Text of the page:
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DOT to Lower Speed Limit on 7 Mile Stretch of Northern Boulevard to 25MPH

A 4.3 mile stretch on Northern Boulevard–between 30th Road and 114th Street– was designated a slow zone in 2014 (Photo: DOT)

Sept. 1, 2020 By Christian Murray

The city is reducing the speed limit on a 7 mile stretch of Northern Boulevard from 30 MPH to 25 MPH.

The DOT, as part of an announcement to lower the speed limit on nine city streets, is lowering the limit on Northern Boulevard from 114th Street in Corona to Glenwood Street on the Nassau County border. The reduction aims to combat reckless driving that has become prevalent since the streets emptied during the height of the pandemic.

The city had already lowered the limit—from 30 MPH to 25 MPH on a 4.3 mile stretch on Northern Boulevard in 2014. That stretch is between 30th Road in Long Island City and 114th Street in Corona. That section of Northern Boulevard was one of several roadways the city declared an “arterial speed zone” in 2014– following a number of fatalities.

The DOT announced today that it was reducing the speed limit on nine city streets.

There are two in Queens, with one being the 7 mile stretch on Northern Boulevard and the other a 2.5 mile section on Rockaway Boulevard—from 150th Ave to 3rd Street (Nassau County border)—where it will be lowered from 40 MPH to 35 MPH.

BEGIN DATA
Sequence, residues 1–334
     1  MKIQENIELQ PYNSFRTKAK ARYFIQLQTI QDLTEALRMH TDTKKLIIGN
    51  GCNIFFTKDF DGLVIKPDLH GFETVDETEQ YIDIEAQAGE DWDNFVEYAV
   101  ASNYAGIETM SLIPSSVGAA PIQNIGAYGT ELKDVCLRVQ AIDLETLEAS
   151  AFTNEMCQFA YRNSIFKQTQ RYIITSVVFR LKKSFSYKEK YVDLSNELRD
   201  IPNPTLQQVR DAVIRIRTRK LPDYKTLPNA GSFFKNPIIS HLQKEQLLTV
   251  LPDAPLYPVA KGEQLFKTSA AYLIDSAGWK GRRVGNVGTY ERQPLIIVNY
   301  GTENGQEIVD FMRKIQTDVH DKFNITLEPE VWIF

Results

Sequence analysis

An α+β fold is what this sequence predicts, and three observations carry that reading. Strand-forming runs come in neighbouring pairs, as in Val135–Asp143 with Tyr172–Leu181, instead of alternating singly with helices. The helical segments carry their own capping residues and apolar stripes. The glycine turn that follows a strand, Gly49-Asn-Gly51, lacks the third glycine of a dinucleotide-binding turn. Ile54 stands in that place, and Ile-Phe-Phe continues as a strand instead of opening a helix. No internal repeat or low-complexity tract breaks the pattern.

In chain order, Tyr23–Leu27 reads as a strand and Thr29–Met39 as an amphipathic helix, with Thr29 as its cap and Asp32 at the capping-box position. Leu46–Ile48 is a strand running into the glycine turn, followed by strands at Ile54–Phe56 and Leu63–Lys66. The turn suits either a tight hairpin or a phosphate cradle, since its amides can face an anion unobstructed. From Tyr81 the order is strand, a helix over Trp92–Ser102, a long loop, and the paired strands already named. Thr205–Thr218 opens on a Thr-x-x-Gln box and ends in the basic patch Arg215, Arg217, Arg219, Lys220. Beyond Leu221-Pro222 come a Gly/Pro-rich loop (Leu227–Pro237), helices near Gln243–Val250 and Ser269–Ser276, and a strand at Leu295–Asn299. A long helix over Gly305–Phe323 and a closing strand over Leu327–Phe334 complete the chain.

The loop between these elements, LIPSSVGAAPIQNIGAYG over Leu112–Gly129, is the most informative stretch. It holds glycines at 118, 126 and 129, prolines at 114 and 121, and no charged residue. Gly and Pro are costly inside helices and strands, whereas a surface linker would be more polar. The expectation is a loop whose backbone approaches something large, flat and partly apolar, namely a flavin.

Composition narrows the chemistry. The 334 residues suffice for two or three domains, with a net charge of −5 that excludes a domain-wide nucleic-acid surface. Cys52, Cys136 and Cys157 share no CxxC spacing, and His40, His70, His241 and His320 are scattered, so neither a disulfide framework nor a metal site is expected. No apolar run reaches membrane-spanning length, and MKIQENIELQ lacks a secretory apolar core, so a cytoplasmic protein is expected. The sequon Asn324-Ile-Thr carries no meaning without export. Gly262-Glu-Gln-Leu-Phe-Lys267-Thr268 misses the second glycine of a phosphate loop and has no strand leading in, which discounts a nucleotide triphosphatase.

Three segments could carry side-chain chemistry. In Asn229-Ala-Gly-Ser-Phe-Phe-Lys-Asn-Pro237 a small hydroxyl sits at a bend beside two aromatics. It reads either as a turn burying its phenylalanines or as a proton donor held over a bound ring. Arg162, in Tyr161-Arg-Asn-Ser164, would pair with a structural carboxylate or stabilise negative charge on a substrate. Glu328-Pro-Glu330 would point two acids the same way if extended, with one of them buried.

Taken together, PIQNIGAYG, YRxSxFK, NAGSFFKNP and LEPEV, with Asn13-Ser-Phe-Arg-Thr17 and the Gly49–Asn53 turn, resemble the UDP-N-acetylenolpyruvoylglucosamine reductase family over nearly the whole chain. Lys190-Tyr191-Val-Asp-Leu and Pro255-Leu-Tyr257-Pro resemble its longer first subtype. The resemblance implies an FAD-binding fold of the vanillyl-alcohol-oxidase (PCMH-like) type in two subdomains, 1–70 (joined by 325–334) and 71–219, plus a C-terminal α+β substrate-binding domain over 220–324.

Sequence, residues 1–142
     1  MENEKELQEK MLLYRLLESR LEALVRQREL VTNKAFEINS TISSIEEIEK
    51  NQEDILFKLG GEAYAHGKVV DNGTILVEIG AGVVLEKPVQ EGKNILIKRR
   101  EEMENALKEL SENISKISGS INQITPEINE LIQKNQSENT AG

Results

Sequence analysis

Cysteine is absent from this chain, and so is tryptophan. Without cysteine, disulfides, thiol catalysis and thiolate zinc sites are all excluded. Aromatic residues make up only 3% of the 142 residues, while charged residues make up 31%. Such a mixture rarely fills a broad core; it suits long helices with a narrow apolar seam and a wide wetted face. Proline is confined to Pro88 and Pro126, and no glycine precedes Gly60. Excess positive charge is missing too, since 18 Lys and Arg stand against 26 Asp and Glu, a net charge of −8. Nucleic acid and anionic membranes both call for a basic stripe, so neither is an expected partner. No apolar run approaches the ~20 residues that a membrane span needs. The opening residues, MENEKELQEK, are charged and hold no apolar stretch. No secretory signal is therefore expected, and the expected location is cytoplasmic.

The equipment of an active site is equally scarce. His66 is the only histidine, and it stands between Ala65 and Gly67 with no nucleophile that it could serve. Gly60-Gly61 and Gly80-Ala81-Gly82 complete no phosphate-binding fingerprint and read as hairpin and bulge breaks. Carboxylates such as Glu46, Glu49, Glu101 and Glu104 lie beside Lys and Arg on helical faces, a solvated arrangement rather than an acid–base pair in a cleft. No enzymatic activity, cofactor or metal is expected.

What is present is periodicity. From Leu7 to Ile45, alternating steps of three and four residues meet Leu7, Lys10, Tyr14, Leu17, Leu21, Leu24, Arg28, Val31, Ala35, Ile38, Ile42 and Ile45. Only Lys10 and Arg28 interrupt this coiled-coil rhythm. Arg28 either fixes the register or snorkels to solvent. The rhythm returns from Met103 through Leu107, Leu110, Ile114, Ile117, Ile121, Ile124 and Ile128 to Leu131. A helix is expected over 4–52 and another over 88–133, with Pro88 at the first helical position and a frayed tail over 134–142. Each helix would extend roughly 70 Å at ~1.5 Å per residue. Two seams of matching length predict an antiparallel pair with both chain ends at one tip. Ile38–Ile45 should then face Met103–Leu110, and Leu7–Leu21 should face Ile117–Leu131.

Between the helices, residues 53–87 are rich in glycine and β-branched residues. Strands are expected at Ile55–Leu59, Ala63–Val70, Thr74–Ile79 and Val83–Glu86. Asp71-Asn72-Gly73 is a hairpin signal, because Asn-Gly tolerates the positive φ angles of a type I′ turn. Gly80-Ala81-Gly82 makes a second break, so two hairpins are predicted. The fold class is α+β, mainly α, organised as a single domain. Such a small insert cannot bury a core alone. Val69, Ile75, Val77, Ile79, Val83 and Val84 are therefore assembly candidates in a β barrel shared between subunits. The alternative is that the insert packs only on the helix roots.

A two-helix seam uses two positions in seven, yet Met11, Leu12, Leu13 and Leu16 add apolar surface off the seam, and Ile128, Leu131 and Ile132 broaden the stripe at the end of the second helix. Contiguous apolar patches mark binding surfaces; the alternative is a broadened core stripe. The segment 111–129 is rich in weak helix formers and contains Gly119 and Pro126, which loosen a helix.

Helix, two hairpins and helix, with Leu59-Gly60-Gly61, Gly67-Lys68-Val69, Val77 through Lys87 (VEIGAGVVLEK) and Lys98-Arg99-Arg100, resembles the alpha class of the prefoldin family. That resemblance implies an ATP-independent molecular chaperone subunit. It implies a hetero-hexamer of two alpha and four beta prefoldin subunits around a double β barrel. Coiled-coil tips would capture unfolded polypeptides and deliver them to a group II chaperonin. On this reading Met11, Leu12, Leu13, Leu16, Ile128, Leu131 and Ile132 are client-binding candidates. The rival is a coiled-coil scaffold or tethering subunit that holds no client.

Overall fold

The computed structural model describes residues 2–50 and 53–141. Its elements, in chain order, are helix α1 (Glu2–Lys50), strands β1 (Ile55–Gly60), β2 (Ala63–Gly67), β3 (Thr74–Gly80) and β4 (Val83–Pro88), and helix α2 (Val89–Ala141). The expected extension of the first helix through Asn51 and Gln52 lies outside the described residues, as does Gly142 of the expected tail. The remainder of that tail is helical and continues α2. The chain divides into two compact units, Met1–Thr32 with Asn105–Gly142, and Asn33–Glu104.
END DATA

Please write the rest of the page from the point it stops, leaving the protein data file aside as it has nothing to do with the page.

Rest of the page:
The limit is being dropped to 25 MPH in parts of Riverside Drive in Manhattan, Flatbush Avenue in Brooklyn and Bruckner Boulevard in the Bronx.

The limit will also drop to 25 MPH on Shore Parkway Service Road and Dahlgren Place in Brooklyn, Webster Avenue in the Bronx and Targee Street in Staten Island.

“New York City’s children deserve safe, livable communities – and Vision Zero’s groundbreaking work will protect them in their streets,” Mayor Bill de Blasio announced today. “Slower speed limits, speed cameras, and increased enforcement will save lives and keep New York City the safest big city in America for the next generation.”

The City also announced today that the Department of Transportation (DOT) has reached its goal of installing and activating speed cameras in all 750 school zones – the largest speed camera network in the world.

The installation began in 2019 after Albany passed legislation allowing them to go up in all school zones. The new law permits the city to keep them in operation on all weekdays between 6 a.m. and 10 p.m. including during school vacations.

Motorist found to be going more than 10 miles per hour above the speed limit in a school zone will be hit with a $50 ticket.

The first of hundreds of new school zone speed cameras was installed on the Upper West Side in May 2019 (NYC Mayor’s Office)

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Chickie D'Angelo

The speed limit should be 12 MPH. Come on, Mr. Mayor, 25 doesn’t cause enough pain to the citizens. Maybe 6 MPH in busy areas. What’s the rush anyway. We no longer have jobs, no place to go, can’t go out to eat.
Why, it might be a good time to just move away. You’re so smart, Mr. Mayor. Thank you!

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Sara Ross

25 miles an hour, you don’t even need your foot on the gas – just let the car roll! They should change the timing of the lights to slow people down. I was driving on a 2 way street in Middle Village yesterday and a Volvo couldn’t wait and went around me with traffic coming the other way. What happened is what always happens – I wound up in back of him at the red light.

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